Get to Know the Company behind the Software
Typically, when companies need to make a major software investment, they begin the process by sending software vendors an RFI (request for information). The purpose of the RFI is to match the organization’s needs with the applications’ capabilities using a written, structured process. This process enables the organization to evaluate different applications’ strengths and weaknesses in a side-by-side comparison.
This is a great way to vet out the right software solution, but if it’s the only focus of your vetting process, you are leaving a gaping hole. Company’s evaluating software also need to have in-depth conversations with the technology providers. Evaluating the software will help you determine if it’s the right solution for your business, but it’s the discussions with the technology providers that will indicate whether there’s a good fit on an organizational level.
In today’s competitive marketplace it’s critical for businesses to understand the part their technology provider plays in supporting their goals. When you purchase a software solution, you’re typically buying the current and future versions. That’s why it’s also important to evaluate the company and the people behind it.
Conversations, Not Checklists
Unlike evaluating software, getting to know your software provider is more about conversations than checklists. As part of these conversations there are several topics that should be covered:
When was the business founded? Has it grown organically, or through mergers or acquisitions? Is it an independent company or part of a larger group? When investing in software, the vendor’s stability is important. You want to make sure they are around to support you and to continue evolving their solution to meet your changing business needs and security requirements.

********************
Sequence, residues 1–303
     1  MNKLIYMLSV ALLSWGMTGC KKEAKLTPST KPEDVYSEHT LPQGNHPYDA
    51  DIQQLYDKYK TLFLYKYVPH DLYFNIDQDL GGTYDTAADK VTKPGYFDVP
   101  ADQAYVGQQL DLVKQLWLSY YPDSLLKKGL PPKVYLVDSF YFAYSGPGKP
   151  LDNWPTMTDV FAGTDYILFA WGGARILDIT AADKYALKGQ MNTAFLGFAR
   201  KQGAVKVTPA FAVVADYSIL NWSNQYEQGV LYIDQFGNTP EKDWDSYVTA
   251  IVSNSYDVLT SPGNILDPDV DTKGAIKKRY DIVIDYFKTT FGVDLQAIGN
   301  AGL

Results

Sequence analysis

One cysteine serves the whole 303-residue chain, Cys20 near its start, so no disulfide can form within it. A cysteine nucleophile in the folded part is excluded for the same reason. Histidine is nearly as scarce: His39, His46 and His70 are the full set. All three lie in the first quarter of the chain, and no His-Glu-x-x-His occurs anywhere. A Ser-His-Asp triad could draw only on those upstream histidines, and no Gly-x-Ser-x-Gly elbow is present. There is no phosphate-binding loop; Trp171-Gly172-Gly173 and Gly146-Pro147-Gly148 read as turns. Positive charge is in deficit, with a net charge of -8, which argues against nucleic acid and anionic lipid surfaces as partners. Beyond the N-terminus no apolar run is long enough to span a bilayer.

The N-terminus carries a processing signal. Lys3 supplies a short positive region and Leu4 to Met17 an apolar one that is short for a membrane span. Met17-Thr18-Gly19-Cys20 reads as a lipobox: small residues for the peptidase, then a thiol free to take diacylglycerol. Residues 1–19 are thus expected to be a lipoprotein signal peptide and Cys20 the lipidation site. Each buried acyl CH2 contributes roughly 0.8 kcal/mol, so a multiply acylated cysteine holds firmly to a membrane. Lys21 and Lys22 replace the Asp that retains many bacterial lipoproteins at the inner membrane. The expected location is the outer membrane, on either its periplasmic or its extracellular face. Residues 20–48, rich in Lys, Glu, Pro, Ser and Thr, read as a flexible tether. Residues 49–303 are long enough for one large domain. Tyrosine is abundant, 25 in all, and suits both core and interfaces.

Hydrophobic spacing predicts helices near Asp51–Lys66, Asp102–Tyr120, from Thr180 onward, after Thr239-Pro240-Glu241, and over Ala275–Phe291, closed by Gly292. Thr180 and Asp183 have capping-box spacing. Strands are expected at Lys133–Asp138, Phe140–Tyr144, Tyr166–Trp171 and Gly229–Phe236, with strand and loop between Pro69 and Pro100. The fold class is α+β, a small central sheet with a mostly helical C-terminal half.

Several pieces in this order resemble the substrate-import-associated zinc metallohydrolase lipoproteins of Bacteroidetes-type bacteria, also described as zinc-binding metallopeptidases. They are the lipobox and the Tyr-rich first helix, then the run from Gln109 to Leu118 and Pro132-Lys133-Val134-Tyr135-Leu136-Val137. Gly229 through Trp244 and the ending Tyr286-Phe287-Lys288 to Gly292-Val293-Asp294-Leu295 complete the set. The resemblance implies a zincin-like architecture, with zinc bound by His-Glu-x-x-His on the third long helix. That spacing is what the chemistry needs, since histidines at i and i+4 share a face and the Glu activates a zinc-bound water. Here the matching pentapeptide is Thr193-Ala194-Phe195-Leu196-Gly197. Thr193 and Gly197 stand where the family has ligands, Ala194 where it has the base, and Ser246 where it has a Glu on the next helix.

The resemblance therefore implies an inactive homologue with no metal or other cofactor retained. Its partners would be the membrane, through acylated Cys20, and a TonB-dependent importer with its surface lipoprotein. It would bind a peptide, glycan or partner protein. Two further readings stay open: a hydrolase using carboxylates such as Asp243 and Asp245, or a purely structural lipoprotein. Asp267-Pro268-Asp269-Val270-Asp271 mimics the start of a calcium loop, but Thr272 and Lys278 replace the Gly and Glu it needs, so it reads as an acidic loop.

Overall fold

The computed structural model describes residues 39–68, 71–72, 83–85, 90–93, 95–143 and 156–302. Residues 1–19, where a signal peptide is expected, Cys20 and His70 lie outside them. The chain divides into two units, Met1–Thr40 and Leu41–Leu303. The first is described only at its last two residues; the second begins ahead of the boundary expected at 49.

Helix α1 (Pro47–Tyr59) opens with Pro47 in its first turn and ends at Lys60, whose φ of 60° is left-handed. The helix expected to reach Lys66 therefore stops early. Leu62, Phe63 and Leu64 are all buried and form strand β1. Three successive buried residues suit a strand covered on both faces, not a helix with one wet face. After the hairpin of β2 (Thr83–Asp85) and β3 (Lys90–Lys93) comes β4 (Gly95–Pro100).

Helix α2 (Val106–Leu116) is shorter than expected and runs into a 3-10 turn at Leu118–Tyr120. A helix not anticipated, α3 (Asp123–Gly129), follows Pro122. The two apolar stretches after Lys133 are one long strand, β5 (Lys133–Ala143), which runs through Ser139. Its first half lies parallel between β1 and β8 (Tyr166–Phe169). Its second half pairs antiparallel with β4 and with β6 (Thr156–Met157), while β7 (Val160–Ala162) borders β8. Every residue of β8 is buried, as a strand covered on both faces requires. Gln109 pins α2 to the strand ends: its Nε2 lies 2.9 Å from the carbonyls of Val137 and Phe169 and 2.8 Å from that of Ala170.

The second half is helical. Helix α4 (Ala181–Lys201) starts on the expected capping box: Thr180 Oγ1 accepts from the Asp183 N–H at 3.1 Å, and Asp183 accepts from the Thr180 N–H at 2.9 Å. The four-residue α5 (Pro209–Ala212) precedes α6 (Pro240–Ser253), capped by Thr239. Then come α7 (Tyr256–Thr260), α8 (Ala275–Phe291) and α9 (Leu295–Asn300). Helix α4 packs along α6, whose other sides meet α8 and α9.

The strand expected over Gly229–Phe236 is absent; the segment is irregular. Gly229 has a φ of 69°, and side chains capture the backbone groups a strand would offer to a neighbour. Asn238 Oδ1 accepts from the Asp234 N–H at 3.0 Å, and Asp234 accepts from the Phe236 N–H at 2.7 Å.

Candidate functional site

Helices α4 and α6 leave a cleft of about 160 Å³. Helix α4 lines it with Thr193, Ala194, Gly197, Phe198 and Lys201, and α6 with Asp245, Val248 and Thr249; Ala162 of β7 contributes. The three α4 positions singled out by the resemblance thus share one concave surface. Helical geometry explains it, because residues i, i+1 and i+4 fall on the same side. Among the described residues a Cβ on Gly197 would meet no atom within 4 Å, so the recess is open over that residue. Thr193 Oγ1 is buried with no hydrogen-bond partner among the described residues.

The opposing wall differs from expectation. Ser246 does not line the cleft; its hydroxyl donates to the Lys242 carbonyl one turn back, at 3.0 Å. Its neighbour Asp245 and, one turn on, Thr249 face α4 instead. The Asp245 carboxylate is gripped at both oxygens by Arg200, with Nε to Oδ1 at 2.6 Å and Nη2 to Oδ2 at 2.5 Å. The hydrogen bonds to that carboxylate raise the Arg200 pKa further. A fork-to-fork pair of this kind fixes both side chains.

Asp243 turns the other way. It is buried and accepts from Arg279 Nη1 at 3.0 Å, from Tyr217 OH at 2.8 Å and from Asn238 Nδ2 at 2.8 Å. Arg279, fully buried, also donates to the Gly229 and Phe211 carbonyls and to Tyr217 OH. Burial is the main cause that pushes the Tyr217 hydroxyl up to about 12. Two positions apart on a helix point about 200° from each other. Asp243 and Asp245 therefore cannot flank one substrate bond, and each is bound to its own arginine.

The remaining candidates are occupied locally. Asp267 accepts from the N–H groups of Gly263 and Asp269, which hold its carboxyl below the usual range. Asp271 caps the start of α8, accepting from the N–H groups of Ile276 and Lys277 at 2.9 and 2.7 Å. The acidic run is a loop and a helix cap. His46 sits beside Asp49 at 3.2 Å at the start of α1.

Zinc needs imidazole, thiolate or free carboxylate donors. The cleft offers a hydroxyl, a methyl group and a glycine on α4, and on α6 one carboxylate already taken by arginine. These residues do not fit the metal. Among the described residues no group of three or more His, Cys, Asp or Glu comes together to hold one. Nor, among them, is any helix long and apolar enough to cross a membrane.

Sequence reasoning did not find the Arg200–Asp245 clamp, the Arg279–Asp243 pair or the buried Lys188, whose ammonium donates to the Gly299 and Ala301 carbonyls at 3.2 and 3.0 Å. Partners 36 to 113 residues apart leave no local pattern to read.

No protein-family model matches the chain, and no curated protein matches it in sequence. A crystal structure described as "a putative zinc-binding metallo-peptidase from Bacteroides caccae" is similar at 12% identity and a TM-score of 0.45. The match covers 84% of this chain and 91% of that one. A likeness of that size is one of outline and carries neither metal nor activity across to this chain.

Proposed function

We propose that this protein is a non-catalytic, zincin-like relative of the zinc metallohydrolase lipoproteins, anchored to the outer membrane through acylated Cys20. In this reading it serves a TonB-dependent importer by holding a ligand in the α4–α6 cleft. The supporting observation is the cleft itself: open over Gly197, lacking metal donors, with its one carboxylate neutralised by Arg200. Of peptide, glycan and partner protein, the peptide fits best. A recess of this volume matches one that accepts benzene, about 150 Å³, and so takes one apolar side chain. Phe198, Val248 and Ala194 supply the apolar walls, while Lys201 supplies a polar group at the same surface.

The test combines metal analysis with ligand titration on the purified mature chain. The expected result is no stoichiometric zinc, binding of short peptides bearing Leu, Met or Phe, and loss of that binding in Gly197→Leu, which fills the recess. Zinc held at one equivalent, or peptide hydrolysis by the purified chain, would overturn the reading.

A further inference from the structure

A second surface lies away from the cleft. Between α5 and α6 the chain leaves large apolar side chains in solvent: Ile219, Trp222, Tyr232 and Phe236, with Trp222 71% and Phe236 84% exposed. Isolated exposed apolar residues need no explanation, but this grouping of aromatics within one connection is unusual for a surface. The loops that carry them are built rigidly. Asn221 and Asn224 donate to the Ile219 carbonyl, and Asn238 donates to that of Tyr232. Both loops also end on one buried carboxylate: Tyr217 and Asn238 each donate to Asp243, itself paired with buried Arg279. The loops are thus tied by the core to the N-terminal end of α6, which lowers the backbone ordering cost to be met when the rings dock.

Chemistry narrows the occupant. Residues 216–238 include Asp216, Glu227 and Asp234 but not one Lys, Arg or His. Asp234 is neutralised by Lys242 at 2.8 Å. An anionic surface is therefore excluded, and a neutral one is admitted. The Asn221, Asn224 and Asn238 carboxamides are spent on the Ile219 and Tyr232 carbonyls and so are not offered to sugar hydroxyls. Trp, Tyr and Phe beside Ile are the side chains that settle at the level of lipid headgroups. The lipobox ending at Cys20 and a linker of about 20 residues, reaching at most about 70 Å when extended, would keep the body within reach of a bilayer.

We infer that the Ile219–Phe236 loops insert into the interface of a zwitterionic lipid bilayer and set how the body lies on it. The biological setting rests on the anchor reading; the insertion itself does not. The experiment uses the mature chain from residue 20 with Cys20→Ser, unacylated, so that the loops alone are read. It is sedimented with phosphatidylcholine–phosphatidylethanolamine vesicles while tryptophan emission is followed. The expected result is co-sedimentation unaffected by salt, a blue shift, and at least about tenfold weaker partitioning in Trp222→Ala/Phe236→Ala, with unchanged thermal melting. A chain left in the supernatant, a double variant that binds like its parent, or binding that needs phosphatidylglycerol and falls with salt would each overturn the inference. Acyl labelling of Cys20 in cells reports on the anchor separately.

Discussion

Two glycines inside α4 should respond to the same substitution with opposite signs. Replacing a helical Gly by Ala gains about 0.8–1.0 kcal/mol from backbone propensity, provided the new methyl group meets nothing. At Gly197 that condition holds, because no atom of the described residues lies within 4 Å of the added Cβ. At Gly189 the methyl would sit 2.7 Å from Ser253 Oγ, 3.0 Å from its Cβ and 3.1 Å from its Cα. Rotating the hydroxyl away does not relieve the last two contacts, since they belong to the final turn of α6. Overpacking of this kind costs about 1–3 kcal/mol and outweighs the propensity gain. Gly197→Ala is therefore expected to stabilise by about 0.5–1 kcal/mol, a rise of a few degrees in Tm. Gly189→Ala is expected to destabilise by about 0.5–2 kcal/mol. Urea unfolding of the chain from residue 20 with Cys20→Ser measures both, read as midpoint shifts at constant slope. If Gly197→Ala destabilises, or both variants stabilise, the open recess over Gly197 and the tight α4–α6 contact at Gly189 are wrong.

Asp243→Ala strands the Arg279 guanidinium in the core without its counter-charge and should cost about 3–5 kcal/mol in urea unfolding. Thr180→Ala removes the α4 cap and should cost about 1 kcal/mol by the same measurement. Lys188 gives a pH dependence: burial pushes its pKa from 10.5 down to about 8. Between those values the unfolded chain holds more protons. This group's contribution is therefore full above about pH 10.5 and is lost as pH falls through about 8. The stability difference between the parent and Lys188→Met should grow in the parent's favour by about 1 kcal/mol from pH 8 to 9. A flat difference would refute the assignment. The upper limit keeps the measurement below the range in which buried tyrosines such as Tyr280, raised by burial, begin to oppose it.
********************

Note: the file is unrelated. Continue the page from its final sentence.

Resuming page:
Keeping with the stability topic, you should make sure the vendor is financially secure. For example: does their balance sheet indicate excessive borrowing or cash flow issues? What do the trends and financial ratios from the annual accounts tell you? It’s important to determine if the vendor business is financially sound and stable, or if it’s struggling?
How many people are in the organization and how many are working in support, research & development versus sales, marketing, and administration? Does the company talk about employee qualifications, skills, experience, or training?
A vendor’s client base will also tell you a lot about the vendor. For example, their size, their average customer size, the average amount of users per customer, etc.
Other important questions to consider:
- How many new customers did they gain over the last year?
- What software modules are most popular?
- How many customers are on the latest version?
- How many customers are upgrading?
- Does the company hold an annual users’ conference?
- Do they have case studies and reference-able accounts?
It’s important to make sure the vendor’s product roadmap and methodology align with your strategic business goals. It’s also important to understand how the vendor decided on what product enhancements to implement and how they prioritize the development of these new features.
A Partnership Approach
Finally, you need to look for a vendor that understands your business and is willing to work with you to meet your needs. They should be as eager to learn about your business as you are to explain it. Finding a vendor that cares about their client’s success and are more interested in building a partnership than making a sale is paramount in selecting the right vendor for your business.